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    PURPOSE OF THE TOOLKIT

    The toolkit is designed to provide guidance in mapping intangible cultural heritage (ICH) in Pacific Island

    countries and communities. It focuses on the simpler tools and techniques of mapping cultural resources,

    including documenting, archiving and interpreting cultural data. The toolkit provides a general step-by-

    step framework to help countries and communities research, collect, collate and archive data for use by

    current and future generations. Additionally, the toolkit can be used to establish programmes that will

    help in revitalising ICH. The toolkit has been developed as part of the European Union-funded and

    Secretariat of the Pacific Community-managed project ‘Structuring the Cultural Sector for Improved

    Human Development’, and follows on from the Subregional Workshop on Endangered Cultural Heritage

    Mapping, which was held in Sigatoka, Fiji on 17–21 October 2011 Refer to Appendix 1 (meeting program)

    and Appendix 2 (participants list) for more information about the meeting.

    WHO CAN USE THE TOOLKIT?

    The toolkit is a checklist for cultural officers or coordinators of ICH mapping in Pacific Island countries,

    and is derived from consultations and a thorough assessment of the needs of island countries. It can be

    adopted as a national framework or be used as a guide or adapted to suit a particular country or

    community context in countries and communities that have already developed guidelines.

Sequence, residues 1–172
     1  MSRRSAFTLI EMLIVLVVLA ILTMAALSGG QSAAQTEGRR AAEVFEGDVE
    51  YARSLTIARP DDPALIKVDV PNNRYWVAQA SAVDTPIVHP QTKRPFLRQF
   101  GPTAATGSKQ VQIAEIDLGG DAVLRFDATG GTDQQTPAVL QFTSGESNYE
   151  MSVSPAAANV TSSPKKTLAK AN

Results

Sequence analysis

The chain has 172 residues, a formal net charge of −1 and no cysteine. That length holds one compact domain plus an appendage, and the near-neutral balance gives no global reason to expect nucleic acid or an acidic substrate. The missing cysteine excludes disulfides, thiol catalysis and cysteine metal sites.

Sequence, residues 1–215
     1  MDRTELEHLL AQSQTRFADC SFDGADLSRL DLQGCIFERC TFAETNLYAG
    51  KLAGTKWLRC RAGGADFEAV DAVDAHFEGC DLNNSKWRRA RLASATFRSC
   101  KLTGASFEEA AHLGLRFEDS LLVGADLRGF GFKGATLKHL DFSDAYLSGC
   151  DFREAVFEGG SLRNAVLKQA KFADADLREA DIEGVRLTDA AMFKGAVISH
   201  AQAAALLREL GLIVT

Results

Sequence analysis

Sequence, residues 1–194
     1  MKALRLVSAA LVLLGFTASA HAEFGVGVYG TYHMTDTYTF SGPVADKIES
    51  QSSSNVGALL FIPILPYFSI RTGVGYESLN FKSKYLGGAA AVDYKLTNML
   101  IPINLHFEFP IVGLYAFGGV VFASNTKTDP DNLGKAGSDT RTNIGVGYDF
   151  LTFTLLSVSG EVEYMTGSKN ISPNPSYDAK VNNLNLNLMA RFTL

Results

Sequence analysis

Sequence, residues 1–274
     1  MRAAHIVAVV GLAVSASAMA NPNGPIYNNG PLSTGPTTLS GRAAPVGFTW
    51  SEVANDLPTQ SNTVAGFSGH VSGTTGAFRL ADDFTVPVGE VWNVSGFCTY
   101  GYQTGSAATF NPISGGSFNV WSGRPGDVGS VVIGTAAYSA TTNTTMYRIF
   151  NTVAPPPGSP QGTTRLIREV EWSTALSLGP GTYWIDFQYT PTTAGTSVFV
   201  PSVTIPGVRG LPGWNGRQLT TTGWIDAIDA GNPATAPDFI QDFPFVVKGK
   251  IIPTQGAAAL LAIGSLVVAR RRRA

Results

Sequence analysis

The toolkit is designed for:

    heads and staff of cultural agencies

    programme or project coordinators;

    non-government organisations dealing with ICH mapping;

    cultural consultants;

    educational institutions, professionals and academics;

    other cultural organisations, government, semi-government or non-government; and

    students and researchers.

    APPLICATIONS OF THE TOOLKIT

    The toolkit can be used to:

    map evolving ICH elements in communities;

    develop cultural programmes or strategies for government and non-governmental organisations

    (NGOs);

    assist in the development of policies and legislative measures for the protection, preservation and

    promotion of ICH;

    develop a central database system to store collected data;

    enhance transmission and continuity of ICH in the local community; and

    identify endangered ICH so that safeguarding measures can be developed.

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    GLOSSARY

    Best practice approach is a method or technique considered by researchers and others as being the

    best approach for achieving a result that can be used as a benchmark. Cultural mapping is considered to

    be a best practice approach for inventorying intangible cultural heritage.

    Community is a network of people who share a self-ascribed sense of connectedness and identity that

    is anchored in the practice and transmission of intangible cultural heritage.

    Culturalists are cultural experts or those whose expertise fall within the broader ambit of culture.

    Culturalists include anthropologists, archaeologists and other social scientists, and can include individuals

    who may not have a professional or academic background in culture but who are strong supporters of

    culture.